2013 August 18

     A friend posted this on Facebook. It's called "Restoring the American Dream" by Fareed Zakaria on CNN World, dated 2013 August 18. The following complete message had an accompanying video that managed not to pin down any of its ideas any better than this text. I think this piece is a terrific (and terrifying) example of the kind of soft-headed thinking guiding social policy in the United States, with the horrifying economic and social consequences we have seen lately.

     "A recent OECD report points out that the U.S. is one of only three rich countries that spends less on disadvantaged students than others, largely because education funding for elementary and secondary schools in America is tied to local property taxes. So by definition, poor neighborhoods end up with badly funded schools. In general, America spends lots of money on education but most of it is on college education and most is directed towards those already advantaged in various ways.

     "What's clear from all this research is that countries that invest more heavily in all their children's health care, nutrition, and education, well-being more generally end up with a much stronger ladder of opportunity and access than America. Now, that is something we can change and with relatively little money. So if we want to restore the American dream, we now have the beginnings of a path forward."

     Mr. Zakaria's point seems to be about something called "social mobility," a worthy cause in America if there ever was one. We pride ourselves on "the American dream" (his words as well as mine) and should welcome any research that helps us improve it.

     The piece writes and talks about poor people's prospects to rise in America. Which poor people is he talking about? He doesn't say at all. I'm comfortable that "the poor" are people who don't have much money, but is he talking about the poor people on relief (Mitt Romney's infamous 47% who earn nothing and exist entirely on handouts from government) or those at the bottom of American's dwindling working class struggling to make their ever-shrinking paycheques pay their bills?

     It makes a difference, you know. Poor people on relief have made a choice, or somebody has made a choice for them, that precludes mobility. Their only path to getting more is taking more from others, hardly a virtuous or desirable trajectory for them or the rest of us. With our government expanding during 2007-2012 from one-third to one-half our economy, our private-productive sector has shrunk by one-quarter. Add the eight percent hit for federal-national healthcare and we have a productive-sector job market that is one-third smaller than it was in 2006. That's hardly a good thing for productive people trying to earn more by producing more. (Foreign oil and balance of trade have softened that blow in consumption, but not in the world of finding productive work.)

     So Mr. Zakaria doesn't tell us who his poor people are, not by monetary standards or even descriptively, and he also doesn't give us any hint about how his "social mobility" was measured, or even could be measured. He simply pronounces that we're doing worse at it than we used to in America and than other countries America is being compared to. Claiming both sides of our political aisle are concerned seems to be his way of mitigating any need to define the problem.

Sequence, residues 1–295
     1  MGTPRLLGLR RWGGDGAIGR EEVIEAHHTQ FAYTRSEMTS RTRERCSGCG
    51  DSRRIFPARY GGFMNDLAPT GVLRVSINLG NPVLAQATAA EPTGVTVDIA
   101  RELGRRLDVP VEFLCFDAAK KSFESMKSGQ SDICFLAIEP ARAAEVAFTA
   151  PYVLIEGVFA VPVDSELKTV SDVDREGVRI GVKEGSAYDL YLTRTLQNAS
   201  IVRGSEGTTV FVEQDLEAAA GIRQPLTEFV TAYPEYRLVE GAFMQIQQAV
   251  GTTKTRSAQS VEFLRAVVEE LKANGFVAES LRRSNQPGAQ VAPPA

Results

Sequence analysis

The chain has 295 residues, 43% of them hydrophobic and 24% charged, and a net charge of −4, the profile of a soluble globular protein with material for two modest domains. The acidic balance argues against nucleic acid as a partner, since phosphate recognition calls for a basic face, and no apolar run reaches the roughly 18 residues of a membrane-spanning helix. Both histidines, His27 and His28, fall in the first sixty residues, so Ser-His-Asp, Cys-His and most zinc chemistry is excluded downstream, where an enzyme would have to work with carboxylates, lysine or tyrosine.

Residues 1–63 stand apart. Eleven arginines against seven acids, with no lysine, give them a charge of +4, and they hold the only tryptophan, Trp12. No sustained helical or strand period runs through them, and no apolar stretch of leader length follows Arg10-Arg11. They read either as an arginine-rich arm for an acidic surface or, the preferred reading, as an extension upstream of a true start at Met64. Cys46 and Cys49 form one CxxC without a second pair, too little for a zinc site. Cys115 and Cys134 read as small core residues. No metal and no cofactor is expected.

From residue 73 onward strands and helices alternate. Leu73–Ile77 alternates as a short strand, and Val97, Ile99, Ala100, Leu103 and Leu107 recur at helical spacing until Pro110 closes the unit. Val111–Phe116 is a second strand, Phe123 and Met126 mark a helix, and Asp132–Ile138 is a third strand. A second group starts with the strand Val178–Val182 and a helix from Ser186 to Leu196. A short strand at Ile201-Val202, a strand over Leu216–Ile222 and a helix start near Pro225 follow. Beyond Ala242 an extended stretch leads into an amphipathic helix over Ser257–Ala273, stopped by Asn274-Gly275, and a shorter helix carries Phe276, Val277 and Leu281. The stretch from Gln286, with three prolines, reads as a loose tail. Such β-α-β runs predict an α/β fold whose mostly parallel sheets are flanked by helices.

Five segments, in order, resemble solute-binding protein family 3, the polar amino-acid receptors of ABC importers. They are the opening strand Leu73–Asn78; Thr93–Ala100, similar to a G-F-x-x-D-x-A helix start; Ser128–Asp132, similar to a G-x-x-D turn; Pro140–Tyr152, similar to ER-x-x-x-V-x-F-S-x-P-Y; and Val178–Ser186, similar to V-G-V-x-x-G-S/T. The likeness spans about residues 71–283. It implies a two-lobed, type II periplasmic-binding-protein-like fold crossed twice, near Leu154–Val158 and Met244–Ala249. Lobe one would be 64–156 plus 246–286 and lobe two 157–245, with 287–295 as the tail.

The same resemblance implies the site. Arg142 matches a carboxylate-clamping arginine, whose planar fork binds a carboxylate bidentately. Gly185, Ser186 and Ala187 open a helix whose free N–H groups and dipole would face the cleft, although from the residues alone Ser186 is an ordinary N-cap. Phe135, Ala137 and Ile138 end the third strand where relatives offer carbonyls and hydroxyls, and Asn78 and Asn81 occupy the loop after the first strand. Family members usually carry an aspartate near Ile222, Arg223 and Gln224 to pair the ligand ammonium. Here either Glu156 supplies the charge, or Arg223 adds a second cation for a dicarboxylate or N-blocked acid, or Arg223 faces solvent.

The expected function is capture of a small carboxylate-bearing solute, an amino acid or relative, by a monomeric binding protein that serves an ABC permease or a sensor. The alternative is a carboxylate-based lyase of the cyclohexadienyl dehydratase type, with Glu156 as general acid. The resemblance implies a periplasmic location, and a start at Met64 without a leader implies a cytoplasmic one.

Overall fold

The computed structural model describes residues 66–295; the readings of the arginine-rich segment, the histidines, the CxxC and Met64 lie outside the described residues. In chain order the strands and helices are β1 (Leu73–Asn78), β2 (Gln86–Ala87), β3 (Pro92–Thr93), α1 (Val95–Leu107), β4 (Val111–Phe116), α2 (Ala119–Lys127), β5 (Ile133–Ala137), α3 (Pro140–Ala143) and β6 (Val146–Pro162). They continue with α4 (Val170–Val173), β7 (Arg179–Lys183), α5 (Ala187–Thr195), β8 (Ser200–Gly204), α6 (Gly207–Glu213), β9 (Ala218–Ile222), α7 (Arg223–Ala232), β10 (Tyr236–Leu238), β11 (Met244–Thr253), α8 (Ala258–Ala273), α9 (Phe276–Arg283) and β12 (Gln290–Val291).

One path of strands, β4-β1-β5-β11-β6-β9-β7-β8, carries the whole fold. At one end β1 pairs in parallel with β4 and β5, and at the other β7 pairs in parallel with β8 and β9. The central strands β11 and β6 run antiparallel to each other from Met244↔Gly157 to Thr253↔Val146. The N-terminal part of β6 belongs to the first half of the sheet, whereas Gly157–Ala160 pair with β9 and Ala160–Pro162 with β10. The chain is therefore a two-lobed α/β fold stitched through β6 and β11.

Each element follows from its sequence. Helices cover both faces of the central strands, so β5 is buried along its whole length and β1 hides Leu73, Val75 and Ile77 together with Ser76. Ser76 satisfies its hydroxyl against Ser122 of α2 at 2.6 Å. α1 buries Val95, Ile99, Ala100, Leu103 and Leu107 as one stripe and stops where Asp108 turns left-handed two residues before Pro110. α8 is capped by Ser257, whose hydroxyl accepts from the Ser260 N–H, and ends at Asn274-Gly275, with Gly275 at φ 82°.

So the United States is one of only three rich countries spending less than others on disadvantaged students. Is this some statistic like "half our country is at or below the median," or is it measuring something real? Dr. Zakaria doesn't say or give any reason we should think it's important to say.

     He blasts us for using local funding for primary and secondary schools as an indictment that we discriminate against poor people. I suspect we would find two-thirds of either class of American poor own better television sets than my 27-inch Sony and better cars than my 1987 Volkswagon with original engine. I also suspect the average poor family pays more local tax than I do here in Scottsdale ($100/month for police, roads, and schools with our new, vast parklands funded through a one-percent sales tax) . So by what "definition" (his word) are poor neighborhoods doomed to poor school funding? I think it's a choice being made. Federal funding of education has been a sequence of disastrous boondoggles—is this Mr. Zakaria's recommendation over local funding with local control and parents choosing their own destinies? He doesn't really say.

     "What's clear from all this research"? There's no "research" shown here and nothing is clear from this rhetoric piece. His pitch for countries "that invest more heavily in all their children's health care" has absolutely nothing to do with what he promoted elsewhere in this piece. He claims this is "something we can change with relatively little money." If that's true, then a few collection plates should do the trick. Most wage-earning, better-off Americans give generously to charity (and no evidence suggests conservatives less than liberals, quite the contrary I'm told) so we don't need government to do these things. Nothing presented here does anything to suggest otherwise.

     This piece is shamefully sloppy and shame on CNN for posting it with their logo on it. Whatever Mr. Zakaria is promoting, and I believe it is federal support for primary and seconday education in the United States, nothing here supports anything I can see. There isn't anything here to agree with or to disagree with. His strong, emotional language compels us to care about something, but wouldn't it be nice (and even professional) if the author gave us definitions and facts and told us what his conclusion is?




If you want more of this kind of material then here are my American-issues essays.

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